Comics pioneer Marie Severin was a renowned cartoonist widely known for her iconic contributions across genres and as a trailblazer for women in comics. She broke into the comic book industry at EC Comics as a colorist and later became a full-time member of the Marvel Bullpen. She worked as a colorist and artist for Marvel and helped co-create characters like Spider-Woman, the Cat, and the Living Tribunal. She lived to be 89 years old.
Marie was born in East Rockaway, New York, and grew up on Long Island and Brooklyn. She was surrounded by a family of artists - her mother and father both worked in design, and her brother, John, was a comic book artist - who encouraged her talents. To pursue her love of drawing, Marie spent a few months taking cartooning and illustration courses during her teenage years, and she briefly attended the Pratt Institute to hone her skills. After some time, she eventually decided to work on Wall Street to pursue a career in finance.
While she was working in New York, her brother John approached her to work at EC Comics. After accepting his offer, Marie became a vital part of the company; starting out coloring "A MOON, A GIRL...ROMANCE #9" in 1949, she became the main colorist and a key member of the production team.
After leaving EC Comics in 1954, Marie was briefly hired by Atlas Comics before heading to work for the Federal Reserve Bank of New York, where she drew educational illustrations while working on comics with her brother in her spare time.
In 1964, she was hired by Marvel Comics to manage production, and while there, she was asked to illustrate a drawing for Esquire magazine. This work led Editor-in-Chief Stan Lee to assign her the feature Doctor Strange in STRANGE TALES. She was the third artist on the title, and her run included co-creating the cosmic entity the Living Tribunal in STRANGE TALES #157.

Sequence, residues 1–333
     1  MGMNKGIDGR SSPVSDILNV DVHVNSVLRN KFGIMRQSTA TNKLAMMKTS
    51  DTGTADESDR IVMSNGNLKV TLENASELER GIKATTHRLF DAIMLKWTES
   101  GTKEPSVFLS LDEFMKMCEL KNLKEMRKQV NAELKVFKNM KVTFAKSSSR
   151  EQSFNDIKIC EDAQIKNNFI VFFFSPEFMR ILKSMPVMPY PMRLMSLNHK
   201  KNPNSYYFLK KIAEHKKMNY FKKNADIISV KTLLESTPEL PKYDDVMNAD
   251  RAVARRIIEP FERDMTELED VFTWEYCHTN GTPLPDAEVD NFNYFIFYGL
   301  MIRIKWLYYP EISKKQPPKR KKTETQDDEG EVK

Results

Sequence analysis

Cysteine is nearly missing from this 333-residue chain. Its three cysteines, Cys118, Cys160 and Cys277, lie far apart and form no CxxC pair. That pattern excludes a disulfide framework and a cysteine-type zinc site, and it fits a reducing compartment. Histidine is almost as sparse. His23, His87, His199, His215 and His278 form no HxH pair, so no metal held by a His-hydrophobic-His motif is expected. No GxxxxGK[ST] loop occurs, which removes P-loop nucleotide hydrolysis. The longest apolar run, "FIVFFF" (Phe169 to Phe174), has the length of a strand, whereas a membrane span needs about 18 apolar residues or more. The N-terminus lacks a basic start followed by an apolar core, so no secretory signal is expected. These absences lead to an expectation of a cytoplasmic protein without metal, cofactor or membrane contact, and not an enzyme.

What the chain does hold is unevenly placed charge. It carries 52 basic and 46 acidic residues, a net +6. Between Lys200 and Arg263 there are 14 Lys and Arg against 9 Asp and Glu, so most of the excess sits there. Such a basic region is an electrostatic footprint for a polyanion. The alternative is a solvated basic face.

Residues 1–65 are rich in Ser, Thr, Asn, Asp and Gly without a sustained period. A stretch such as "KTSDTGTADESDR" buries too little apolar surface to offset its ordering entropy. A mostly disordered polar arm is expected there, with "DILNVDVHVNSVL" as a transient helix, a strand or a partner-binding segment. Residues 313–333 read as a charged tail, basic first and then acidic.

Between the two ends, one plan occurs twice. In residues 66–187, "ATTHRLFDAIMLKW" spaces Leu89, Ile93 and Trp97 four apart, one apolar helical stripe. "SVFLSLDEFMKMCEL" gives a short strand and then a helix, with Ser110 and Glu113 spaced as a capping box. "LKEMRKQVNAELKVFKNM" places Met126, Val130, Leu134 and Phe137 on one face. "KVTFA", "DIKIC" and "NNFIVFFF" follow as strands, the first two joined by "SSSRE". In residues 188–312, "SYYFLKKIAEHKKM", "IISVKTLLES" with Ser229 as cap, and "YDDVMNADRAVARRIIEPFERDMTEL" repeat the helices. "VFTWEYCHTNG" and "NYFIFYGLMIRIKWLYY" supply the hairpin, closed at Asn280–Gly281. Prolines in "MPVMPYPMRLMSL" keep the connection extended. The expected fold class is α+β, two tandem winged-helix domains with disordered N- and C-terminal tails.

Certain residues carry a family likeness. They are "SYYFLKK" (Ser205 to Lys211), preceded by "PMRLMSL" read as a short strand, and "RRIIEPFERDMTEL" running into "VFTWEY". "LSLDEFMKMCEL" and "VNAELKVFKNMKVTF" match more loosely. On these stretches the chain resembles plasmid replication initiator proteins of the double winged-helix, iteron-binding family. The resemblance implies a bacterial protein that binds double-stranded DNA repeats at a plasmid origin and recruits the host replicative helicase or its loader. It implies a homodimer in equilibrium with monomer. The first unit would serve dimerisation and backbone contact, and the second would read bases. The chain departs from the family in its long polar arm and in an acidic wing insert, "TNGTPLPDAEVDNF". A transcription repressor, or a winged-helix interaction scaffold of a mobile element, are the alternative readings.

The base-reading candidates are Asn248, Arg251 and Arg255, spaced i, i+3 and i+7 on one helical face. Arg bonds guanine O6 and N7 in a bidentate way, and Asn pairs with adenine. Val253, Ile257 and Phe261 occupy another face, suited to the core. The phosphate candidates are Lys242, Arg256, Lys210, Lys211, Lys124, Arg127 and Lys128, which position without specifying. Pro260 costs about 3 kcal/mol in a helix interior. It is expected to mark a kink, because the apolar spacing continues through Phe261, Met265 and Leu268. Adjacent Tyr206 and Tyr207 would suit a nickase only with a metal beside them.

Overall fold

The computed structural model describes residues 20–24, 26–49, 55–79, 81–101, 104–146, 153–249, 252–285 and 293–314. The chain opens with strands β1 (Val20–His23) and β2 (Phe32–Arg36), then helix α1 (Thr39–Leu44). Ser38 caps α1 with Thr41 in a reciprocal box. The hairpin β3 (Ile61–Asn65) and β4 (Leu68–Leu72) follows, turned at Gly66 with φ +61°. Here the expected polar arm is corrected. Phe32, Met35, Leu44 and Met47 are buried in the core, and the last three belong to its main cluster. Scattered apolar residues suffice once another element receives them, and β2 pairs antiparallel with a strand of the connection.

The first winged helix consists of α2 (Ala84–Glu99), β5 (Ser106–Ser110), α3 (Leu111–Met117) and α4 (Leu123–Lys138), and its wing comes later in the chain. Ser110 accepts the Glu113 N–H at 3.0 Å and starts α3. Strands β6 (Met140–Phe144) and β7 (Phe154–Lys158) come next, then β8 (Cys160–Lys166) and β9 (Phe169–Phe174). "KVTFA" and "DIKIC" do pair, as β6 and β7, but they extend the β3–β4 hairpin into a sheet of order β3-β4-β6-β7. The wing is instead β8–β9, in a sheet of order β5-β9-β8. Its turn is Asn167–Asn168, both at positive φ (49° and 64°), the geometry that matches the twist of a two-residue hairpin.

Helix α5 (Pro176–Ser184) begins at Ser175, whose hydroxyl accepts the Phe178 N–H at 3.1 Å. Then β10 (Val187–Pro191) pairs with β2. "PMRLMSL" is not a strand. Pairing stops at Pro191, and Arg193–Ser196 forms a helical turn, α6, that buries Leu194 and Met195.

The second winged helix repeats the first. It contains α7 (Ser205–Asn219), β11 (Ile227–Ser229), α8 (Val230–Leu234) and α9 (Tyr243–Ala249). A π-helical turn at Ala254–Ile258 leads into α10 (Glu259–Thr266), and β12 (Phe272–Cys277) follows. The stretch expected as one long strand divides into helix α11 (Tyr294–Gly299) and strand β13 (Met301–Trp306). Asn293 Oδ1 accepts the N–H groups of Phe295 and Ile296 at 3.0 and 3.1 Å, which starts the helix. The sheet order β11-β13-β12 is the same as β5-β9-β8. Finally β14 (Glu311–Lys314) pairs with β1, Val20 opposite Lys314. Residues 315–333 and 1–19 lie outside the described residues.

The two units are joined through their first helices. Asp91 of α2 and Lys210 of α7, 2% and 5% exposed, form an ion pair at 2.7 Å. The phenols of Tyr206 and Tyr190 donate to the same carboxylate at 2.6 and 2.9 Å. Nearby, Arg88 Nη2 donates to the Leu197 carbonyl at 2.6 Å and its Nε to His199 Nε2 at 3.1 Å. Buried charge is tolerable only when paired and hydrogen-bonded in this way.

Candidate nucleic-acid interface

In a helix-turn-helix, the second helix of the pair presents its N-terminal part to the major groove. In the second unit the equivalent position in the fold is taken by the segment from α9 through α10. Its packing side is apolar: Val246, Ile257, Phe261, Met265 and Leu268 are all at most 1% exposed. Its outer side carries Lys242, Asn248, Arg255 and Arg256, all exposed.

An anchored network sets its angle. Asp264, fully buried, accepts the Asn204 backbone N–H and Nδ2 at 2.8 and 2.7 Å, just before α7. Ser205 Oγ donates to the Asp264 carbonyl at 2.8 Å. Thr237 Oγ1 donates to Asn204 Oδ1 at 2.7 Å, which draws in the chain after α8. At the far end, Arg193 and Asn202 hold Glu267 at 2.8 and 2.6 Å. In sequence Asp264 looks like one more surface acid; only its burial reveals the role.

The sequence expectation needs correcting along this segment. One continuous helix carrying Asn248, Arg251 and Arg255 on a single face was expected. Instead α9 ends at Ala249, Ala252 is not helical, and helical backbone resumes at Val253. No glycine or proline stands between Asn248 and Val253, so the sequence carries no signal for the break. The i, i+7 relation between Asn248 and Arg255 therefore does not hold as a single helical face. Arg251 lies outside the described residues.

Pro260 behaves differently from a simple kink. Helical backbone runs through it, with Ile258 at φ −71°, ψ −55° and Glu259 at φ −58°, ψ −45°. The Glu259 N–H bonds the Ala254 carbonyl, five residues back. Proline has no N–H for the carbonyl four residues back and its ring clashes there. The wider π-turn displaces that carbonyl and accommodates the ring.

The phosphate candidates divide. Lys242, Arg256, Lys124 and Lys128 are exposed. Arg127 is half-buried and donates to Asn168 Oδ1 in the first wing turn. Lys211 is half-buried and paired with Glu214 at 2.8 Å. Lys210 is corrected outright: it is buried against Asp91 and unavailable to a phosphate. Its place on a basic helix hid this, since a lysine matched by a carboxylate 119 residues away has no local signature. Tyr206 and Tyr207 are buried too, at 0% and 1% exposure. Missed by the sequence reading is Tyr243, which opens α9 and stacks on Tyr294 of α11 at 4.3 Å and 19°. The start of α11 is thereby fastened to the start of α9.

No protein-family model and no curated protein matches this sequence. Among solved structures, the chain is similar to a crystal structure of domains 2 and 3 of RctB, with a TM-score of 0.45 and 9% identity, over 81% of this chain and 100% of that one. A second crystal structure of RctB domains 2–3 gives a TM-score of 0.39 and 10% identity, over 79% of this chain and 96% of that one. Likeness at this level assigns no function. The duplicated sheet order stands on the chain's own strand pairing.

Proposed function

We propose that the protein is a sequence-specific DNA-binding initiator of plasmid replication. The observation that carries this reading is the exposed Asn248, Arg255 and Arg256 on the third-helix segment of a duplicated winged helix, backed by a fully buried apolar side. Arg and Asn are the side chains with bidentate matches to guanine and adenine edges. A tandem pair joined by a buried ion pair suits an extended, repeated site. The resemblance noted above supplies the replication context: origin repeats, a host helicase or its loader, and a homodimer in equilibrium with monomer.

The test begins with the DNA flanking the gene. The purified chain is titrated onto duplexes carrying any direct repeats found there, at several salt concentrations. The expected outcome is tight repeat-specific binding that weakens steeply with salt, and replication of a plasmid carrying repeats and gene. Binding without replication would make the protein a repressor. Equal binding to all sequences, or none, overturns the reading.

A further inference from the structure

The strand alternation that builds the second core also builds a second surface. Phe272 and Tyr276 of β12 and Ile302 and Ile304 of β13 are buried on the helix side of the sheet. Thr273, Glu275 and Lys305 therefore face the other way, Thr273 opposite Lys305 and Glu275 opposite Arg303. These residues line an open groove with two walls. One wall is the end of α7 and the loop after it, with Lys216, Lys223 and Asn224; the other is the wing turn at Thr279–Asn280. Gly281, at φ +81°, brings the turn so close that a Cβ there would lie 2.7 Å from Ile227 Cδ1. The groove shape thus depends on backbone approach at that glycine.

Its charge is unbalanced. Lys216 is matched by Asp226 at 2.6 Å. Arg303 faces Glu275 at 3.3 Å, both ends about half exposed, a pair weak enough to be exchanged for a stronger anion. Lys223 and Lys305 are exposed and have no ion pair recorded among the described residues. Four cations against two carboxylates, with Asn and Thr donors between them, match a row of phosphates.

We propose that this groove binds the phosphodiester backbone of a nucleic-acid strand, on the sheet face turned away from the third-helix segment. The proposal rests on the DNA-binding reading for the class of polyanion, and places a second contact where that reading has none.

Mirthful Marie was an important presence in the Marvel Bullpen, bringing both her artistic talents and riotous sense of humor to everything she did. She was well-known for her caricatures of the staff, a talent she would later bring to satirical magazine CRAZY and comic NOT BRAND ECHH. Meanwhile, she would do cover roughs - essentially sketches that artists could follow for the finished piece - for many top artists, including Jack Kirby, Dick Ayers, John and Sal Buscema.
She became head colorist at Marvel until 1972 when she handed the reins over to George Roussos so she could concentrate on penciling, inking, and lettering. From then on, she drew stories about the Sub-Mariner, Hulk, Iron Man, Conan the Barbarian, Kull the Conqueror, and Daredevil. She also co-created the Cat, a character who would later lead to Marvel mainstays Hellcat and Tigra. Her legacy continued in 1976 when she designed Spider-Woman's original costume. In the 1980s, she began work on licensing toys and tie-in products but continued to draw for the Star Comics imprint, as seen in FRAGGLE ROCK and MUPPET BABIES.
Marie spent a decade penciling and collaborating with artists like Jim Mooney, Dave Cockrum and Richard Howell. After retiring, she continued contributing her coloring expertise and re-colored comics. In 2003, Marie won both Harvey and Eisner awards for her work on a Fantagraphics Books biography of B. Krigstein.
Celebrating a legacy in comic books, she was inducted into the Will Eisner Hall of Fame in 2001. Her lifelong dedication to drawing and coloring at Marvel and the industry at large will never be forgotten.